A Religious Test for the Presidency

We all know there is no religious test for the U.S. presidency. But there should be.

BY: Stephen Prothero

 

We need a religious test for the U.S. presidency.



The Constitution mandates that "no religious Test shall ever be required as a Qualification to any Office or public Trust under the United States.' So I am not talking about requiring that the president be Christian or Judeo-Christian or even a believer in God.



I am talking about a different sort of test -- a quiz really. I want to be sure that our future presidents know enough about the world's religions to run our foreign policy, and that U.S. citizens know enough to hold their feet to the fire.



Swirling around the presidential campaign of former Massachusetts Gov. Mitt Romney is the question of whether a Mormon is electable.



A recent Gallup Poll found that 24 percent of Americans would not vote for a Mormon for president, and it is hard to imagine that Romney's religious affiliation will help him among evangelical voters, some of whom see the Church of Jesus Christ of Latter-day Saints as a dangerous cult. I do not care whether Romney is a Mormon or a Protestant or a Hindu. I do care, however, whether he knows enough about the world's religions to serve as our head of state and safeguard our national security.



More than a quarter century after the Iranian revolution, American officials continue to conduct foreign policy as if religion does not matter overseas.



Former Secretary of State Madeleine Albright has written that she had a gaggle of official economic experts at her beck and call but only one informal expert on religion. Today we continue to appoint ambassadors to Muslim-majority countries without requiring that they have any training in Islamic studies. And according to the Iraq Study Group Report, only six of the thousand employees of the U.S. Embassy in Baghdad are fluent in Arabic.



Many laughed when Howard Dean, who now runs the Democratic National Committee, listed Job as his favorite New Testament book. But when Rep. Silvestre Reyes, the Texas Democrat who now chairs the House Intelligence Committee, was unable to say a few months ago whether al-Qaida is a Sunni or Shiite group, my inclination was to cry.



Whether you are an atheist or a born-again Christian, you should be able to attest to this: We live in a furiously religious world in which theological beliefs motivate people to wage war and fight for human rights, to combat AIDS in Africa and fly jets into buildings in Manhattan. In Sri Lanka, sectarian warfare pits Buddhists against Hindus. In Kashmir, two nuclear powers -- the Muslim-majority state of Pakistan and the Hindu-majority state of India -- face off over land that is sacred to both. And in Jerusalem, three monotheistic traditions with strong traditions of martyrdom are locked in an ancient dispute over land and all that it symbolizes -- which is to say everything that is holy.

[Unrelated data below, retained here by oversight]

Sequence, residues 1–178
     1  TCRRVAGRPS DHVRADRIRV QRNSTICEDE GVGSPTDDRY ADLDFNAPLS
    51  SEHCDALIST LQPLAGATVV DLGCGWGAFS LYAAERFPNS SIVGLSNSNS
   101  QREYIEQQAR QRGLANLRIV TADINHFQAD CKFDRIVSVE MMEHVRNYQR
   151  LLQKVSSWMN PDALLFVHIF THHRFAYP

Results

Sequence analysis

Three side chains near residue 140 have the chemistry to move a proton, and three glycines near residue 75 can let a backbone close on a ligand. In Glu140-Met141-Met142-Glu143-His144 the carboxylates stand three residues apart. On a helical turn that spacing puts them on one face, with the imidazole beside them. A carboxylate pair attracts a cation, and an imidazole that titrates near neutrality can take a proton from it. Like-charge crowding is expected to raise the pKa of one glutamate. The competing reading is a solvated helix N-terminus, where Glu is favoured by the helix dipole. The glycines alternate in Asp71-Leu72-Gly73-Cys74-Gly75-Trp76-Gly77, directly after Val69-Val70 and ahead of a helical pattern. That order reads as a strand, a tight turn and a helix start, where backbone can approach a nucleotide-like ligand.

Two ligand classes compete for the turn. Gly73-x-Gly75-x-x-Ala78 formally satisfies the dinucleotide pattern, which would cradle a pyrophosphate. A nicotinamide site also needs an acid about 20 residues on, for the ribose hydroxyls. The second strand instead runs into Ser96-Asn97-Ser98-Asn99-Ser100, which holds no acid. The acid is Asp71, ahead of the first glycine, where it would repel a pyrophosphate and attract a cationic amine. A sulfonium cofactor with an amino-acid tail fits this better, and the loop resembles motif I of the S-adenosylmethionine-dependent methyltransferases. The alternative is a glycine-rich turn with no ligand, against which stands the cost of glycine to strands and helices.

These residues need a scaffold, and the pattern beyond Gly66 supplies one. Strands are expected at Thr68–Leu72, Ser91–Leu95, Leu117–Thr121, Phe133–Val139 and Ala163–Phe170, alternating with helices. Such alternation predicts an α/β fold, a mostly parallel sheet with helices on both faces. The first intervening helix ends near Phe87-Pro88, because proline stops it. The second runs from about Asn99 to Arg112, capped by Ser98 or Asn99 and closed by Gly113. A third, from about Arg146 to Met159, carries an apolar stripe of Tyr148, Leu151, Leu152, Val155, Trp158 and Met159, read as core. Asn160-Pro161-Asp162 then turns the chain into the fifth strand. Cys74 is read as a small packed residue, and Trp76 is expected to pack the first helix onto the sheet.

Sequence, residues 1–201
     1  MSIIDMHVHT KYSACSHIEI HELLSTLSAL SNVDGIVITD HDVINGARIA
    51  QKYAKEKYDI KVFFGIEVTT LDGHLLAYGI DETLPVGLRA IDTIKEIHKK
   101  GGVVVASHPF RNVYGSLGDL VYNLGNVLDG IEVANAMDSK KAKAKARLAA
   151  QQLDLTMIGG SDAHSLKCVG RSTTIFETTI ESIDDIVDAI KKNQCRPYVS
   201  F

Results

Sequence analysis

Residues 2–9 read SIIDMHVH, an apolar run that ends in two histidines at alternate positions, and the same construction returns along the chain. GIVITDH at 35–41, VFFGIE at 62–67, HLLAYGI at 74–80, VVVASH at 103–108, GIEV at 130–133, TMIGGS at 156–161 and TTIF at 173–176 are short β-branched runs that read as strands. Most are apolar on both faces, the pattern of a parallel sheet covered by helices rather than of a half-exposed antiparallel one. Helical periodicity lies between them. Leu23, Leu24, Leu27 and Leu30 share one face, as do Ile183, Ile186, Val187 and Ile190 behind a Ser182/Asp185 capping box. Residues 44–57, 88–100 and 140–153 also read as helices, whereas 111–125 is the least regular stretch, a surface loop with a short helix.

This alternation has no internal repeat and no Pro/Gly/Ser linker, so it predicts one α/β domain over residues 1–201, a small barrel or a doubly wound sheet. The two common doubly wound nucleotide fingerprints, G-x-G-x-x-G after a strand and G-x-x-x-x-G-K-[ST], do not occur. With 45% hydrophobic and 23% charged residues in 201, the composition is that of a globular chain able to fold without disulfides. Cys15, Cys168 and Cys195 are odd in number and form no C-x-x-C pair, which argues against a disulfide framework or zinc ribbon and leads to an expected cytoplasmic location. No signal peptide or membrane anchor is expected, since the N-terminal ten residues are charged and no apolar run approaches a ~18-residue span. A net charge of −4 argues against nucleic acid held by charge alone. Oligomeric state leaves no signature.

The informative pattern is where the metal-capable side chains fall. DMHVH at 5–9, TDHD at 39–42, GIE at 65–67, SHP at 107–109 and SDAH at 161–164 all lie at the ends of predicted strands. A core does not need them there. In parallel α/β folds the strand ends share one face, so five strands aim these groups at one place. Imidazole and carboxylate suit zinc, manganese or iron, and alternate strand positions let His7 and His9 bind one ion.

Anyone who seeks to steer the American ship of state through these roiling international waters should possess basic literacy in the world's religions.



Our presidents should be able to answer very basic questions about Christianity, Judaism, Islam and the religions of Asia. So should the citizens who elect them.



I am not insisting that all politicians and citizens get religious studies Ph.D.s. I am insisting, however, that we as a country begin to cultivate basic literacy on the world's religions. Our presidents should be capable of understanding not just the military benefits but also the cultural costs of stationing American troops in Muslim holy lands, and of recognizing the threats to our national security posed by the spread of the tradition of martyrdom from Shia to Sunni Islam. Our citizens, meanwhile, should know enough to hold them accountable.



I challenge journalists covering the presidential candidates to start putting these candidates to the test on the religion front. Ask them which form of Islam -- Sunni or Shia -- predominates in Iran (Shia), in Saudi Arabia (Sunni) and al-Qaida (Sunni). Ask them which religion predominates in Thailand (Buddhism), and what faith is practiced by the current Prime Minister of India (Sikhism). Ask them to name the three holiest cities of Islam (Mecca, Medina, and Jerusalem). See whether they know that the four countries with the largest populations of Muslims (Indonesia, Pakistan, Bangladesh and India) all lie outside the Middle East.



If a presidential candidate returns these questions with a blank stare, I suggest we look elsewhere for our next commander in chief.



Stephen Prothero is the chair of the Department of Religion at


Boston University and the author of the new book, "Religious Literacy:


What Every American Needs to Know -- and Doesn't" (HarperSanFrancisco).


    

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